John of Borbó and Battenberg lived almost all his life in exile, but at the time of his death, after several months admitted to the University Clinic of Pamplona, he had become a figure that aroused compassion precisely for his long agony that ended on April 1, 1993, 30 years ago today.
The father of King Juan Carlos, therefore Felipe VI's grandfather, lived more outside Spain than in Spain during his 79 years of life. He was born on June 20, 1913 in La Granja de San Ildefonso (Segovia) where Queen Victoria Eugenia gave birth. The proclamation of the Second Republic, in 1931, caught him sailing on a ship of the British Royal Navy. He inherited the rights to the Crown, after the death of Alfonso XIII and the resignations due to illness of his older brothers and was known as Count of Barcelona, a historical title inherited from the sovereigns of the Crown of Aragon. After an initial period in Italy, France and Switzerland, he ended up settling in Estoril (Portugal) until he returned definitively to Spain in 1977, after ceding dynastic rights and the direction of the Royal House to his son Joan Carlos, proclaimed king in 1975.
During the fifteen years he lived in Spain, he did not have much public prominence, except in the ceremonies that had to do with the Navy, of which he was appointed honorary admiral. An iconic image is the Joan of Bourbon, King Joan Charles and then Prince Felipe, on board the Juan Sebastián de Elcano, the school ship where the three, at different times, served as midshipmen.
The sea was his passion and once back in Spain he spent part of his time on board the Giralda, a somewhat decrepit sailboat with which he was seen at the Club de Mar in Palma, while in Marivent he settled ·lava Constantine of Greece and his family. He never complained, until in the summer of 1992 he had to be hospitalized urgently due to complications from laryngeal cancer.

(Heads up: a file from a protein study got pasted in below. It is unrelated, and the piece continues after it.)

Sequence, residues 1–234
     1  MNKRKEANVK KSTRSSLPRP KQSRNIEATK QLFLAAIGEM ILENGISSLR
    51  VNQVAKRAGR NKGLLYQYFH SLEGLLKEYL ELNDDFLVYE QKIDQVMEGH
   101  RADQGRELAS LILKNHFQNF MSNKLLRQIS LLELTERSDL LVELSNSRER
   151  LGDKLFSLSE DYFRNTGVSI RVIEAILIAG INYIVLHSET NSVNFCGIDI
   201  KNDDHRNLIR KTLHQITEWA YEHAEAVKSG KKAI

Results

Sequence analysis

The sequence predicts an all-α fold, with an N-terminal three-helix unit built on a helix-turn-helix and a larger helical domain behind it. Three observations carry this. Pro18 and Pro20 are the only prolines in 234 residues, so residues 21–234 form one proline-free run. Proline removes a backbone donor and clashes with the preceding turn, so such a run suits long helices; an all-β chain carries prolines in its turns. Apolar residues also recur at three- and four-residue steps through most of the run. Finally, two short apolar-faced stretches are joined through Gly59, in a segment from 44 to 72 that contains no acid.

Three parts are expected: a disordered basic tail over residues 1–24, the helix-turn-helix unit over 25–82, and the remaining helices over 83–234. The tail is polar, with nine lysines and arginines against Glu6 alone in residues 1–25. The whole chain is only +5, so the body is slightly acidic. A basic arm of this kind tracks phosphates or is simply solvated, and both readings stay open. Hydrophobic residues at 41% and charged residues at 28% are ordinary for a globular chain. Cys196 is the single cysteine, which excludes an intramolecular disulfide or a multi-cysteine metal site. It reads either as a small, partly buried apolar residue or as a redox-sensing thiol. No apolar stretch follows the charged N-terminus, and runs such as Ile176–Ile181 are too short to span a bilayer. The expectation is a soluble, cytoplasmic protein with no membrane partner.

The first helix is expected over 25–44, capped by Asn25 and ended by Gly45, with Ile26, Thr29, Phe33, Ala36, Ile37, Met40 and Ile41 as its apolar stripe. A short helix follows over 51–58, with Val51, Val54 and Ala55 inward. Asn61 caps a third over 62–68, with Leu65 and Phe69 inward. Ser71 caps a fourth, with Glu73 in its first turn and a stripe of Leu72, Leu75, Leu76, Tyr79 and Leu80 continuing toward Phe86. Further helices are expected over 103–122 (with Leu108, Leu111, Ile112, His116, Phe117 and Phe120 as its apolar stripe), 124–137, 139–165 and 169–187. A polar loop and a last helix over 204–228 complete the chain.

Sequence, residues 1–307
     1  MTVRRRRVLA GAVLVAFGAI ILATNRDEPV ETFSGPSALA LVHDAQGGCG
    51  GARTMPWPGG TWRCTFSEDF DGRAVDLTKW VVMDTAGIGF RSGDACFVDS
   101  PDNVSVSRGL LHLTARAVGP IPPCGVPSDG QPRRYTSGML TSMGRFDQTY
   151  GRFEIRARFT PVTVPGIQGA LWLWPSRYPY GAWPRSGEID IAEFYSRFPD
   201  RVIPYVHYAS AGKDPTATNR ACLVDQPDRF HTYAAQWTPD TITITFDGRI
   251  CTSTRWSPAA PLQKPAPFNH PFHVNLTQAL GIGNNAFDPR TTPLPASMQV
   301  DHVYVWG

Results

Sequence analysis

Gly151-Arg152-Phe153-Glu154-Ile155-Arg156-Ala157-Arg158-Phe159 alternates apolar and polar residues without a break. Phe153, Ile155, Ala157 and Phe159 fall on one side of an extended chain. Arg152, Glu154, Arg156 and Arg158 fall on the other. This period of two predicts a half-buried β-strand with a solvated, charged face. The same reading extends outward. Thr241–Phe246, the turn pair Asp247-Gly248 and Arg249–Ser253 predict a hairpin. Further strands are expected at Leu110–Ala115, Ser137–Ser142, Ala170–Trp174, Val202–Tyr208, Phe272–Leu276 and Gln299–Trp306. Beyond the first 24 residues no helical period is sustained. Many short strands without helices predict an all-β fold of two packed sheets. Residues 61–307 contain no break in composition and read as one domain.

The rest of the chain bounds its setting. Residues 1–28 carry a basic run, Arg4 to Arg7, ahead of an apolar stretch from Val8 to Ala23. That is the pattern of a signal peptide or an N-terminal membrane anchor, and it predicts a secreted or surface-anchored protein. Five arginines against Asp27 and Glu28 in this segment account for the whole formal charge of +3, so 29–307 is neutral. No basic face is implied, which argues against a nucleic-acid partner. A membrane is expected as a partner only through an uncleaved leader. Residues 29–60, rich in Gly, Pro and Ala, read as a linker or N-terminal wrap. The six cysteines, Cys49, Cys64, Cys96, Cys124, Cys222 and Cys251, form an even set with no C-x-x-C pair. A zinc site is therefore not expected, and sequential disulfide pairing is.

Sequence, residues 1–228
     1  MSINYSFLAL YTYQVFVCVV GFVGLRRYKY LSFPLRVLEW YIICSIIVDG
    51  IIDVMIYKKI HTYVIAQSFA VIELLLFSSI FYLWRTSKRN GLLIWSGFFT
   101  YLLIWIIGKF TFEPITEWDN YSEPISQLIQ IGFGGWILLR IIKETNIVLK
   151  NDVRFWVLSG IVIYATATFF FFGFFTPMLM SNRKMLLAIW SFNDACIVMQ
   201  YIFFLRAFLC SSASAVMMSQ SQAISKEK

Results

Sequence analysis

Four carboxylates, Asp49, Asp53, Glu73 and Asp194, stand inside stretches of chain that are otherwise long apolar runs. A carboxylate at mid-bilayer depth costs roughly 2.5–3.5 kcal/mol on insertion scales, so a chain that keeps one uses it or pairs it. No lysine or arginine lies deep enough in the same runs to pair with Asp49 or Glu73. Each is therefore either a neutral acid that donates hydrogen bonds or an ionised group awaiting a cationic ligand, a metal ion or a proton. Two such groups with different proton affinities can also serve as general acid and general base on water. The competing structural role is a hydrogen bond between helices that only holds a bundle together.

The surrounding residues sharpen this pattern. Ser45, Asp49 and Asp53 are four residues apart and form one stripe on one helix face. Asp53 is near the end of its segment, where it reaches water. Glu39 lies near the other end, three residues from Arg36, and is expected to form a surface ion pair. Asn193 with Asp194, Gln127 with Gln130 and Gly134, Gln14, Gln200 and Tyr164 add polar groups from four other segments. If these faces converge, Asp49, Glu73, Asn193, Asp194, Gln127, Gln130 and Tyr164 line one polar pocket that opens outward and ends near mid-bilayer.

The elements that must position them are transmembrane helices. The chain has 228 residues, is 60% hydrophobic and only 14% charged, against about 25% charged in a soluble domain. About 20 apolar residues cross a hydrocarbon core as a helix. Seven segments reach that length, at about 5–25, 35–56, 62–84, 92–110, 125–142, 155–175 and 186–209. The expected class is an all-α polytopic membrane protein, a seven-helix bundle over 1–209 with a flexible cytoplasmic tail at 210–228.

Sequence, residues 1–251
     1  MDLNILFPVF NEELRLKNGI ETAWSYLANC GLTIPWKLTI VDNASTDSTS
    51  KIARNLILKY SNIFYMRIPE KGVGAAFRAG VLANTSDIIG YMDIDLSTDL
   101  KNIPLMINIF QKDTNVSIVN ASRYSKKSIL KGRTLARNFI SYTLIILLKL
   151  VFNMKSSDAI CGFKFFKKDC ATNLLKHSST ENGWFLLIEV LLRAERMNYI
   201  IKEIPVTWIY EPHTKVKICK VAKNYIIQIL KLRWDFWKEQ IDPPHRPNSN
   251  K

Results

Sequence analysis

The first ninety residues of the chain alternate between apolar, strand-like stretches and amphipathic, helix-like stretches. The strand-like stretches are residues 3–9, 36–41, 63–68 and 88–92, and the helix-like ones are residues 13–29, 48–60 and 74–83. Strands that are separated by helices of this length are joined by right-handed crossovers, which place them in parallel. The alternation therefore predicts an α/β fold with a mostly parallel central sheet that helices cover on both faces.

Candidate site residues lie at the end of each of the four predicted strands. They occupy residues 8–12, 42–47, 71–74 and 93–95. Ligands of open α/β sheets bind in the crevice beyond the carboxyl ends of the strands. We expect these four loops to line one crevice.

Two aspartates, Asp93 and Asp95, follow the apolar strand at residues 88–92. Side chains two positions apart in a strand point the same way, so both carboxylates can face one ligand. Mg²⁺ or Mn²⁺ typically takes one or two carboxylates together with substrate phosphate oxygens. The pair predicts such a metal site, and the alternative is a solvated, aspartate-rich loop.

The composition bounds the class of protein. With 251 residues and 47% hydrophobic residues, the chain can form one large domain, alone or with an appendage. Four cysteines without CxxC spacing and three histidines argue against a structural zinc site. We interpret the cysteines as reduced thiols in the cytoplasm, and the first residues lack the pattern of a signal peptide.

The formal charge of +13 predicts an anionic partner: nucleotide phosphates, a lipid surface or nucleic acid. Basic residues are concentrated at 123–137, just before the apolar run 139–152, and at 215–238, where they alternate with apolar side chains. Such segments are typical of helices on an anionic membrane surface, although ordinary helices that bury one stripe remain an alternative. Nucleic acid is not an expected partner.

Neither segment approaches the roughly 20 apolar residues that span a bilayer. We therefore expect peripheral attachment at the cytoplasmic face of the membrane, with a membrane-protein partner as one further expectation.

The disease had manifested itself years before and had forced him to undergo a tracheotomy. Hardly able to speak, eat or drink, in his last years he allowed himself the luxury of drinking a gin and tonic with a syringe.
In the middle of January 1993, Joan de Borbó entered the Navarra University Clinic, from which he only left, making a last effort, on January 18, 1993 to receive the Navarre Gold Medal. He then returned to the health center aware that he was living his last days, which eventually turned into weeks. Kings Juan Carlos and Sofia practically lived in Pamplona, staying at the Blanca de Navarra hotel, located opposite the clinic. Every time they made an attempt to return to Madrid, the doctors warned of the imminence of Joan de Borbó's death. It didn't happen once, not twice, never was a prognosis so contradicted by reality as during those weeks, in which Joan de Borbó experienced his last moments several times. In Pamplona, the infants Pilar and Margarida also settled there, while the grandsons of the dying man came and went. The countess of Barcelona arrived in Pamplona when the last warning of the end was, indeed, the final end.
At that time, the aristocrat Beltrán Osorio, Duke of Alburquerque, was head of the House of Barcelona. On April 1st, he decided to leave Pamplona, for the first time in weeks, and travel to Madrid to arrange some business. So he left the capital of Navarre and Joan de Borbó died. The kings Juan Carlos and Sofia, the infants Pilar and Margarida were having lunch, as every day, in a private dining room of the clinic, when they were informed that their father had died.
The government of Felipe González, at the request of King Juan Carlos, granted Juan de Borbó the treatment of king and the right to have state funerals. Son of a king, father of a king, but never a king, he ended up being transferred to El Escorial as John III. In a last attempt to magnify his figure, his wish to serve as Count of Barcelona for posterity and to be buried in the chapel of Sant Benet in the monastery of Poblet, where he left two tombs paid for, was not respected. one for him and another for the Countess of Barcelona.
The remains of Joan de Borbó were deposited in the so-called Pudridero, where they spend 25 years covered in lime until they shrink and can occupy the small tomb of the Pantheon of Kings. They are still there, thirty years later, without Joan de Borbó having moved to their definitive niche.